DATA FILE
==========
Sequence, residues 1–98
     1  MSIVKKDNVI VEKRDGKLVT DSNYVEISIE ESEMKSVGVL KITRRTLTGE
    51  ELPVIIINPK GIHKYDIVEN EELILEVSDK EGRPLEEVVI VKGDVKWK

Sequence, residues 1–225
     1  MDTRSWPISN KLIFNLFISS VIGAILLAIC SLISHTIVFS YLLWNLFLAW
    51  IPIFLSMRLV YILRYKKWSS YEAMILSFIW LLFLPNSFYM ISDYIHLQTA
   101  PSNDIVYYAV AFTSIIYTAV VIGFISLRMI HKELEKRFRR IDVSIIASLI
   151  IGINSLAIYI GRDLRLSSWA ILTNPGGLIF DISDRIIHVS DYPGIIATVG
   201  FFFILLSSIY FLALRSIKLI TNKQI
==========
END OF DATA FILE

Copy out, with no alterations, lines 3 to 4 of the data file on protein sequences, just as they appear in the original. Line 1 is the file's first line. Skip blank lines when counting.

    51  ELPVIIINPK GIHKYDIVEN EELILEVSDK EGRPLEEVVI VKGDVKWK

Sequence, residues 1–225